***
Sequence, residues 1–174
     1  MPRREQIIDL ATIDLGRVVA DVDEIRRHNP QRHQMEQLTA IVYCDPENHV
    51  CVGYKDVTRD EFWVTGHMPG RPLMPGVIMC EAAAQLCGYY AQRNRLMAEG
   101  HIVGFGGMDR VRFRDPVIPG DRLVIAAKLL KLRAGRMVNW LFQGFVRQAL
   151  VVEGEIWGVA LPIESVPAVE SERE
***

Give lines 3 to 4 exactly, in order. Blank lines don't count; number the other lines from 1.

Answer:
    51  CVGYKDVTRD EFWVTGHMPG RPLMPGVIMC EAAAQLCGYY AQRNRLMAEG
   101  HIVGFGGMDR VRFRDPVIPG DRLVIAAKLL KLRAGRMVNW LFQGFVRQAL